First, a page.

Thousands of asylum seekers from the European Union accession states were sent eviction orders in early April becau...
Thousands of asylum seekers from the European Union accession states were sent eviction orders in early April because the Home Office assumed they could safely return home.
But, reports The Sunday Times(p7), in an apparent 'U-turn' by the Home Office, new orders were sent to council chief executives on Friday evening, just hours before the orders came into force, asking them to assess if any evictions would infringe the Human Rights Act by making people destitute. If so, they were told to continue to pay benefit and provide shelter for up to 14 days.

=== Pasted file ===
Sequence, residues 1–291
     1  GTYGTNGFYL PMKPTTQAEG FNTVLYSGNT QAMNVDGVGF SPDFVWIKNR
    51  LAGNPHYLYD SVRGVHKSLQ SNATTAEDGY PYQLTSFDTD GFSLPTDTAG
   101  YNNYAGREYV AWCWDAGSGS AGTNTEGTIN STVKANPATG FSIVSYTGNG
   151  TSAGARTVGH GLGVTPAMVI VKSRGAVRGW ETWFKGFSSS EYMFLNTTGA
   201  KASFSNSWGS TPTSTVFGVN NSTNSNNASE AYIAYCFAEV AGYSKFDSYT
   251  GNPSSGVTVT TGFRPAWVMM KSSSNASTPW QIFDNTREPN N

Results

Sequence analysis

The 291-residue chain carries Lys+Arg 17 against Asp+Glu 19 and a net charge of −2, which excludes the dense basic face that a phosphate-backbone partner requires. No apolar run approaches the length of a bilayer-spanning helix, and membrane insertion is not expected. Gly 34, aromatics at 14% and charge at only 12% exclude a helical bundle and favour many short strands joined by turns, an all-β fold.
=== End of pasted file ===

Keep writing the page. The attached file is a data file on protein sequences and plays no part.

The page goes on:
Sandy Bruce-Lockhart, leader of Kent CC, said he had been forced to call on the Red Cross and other charities to be on standby to provide tents and other assistance if those affected were unable to find alternative housing.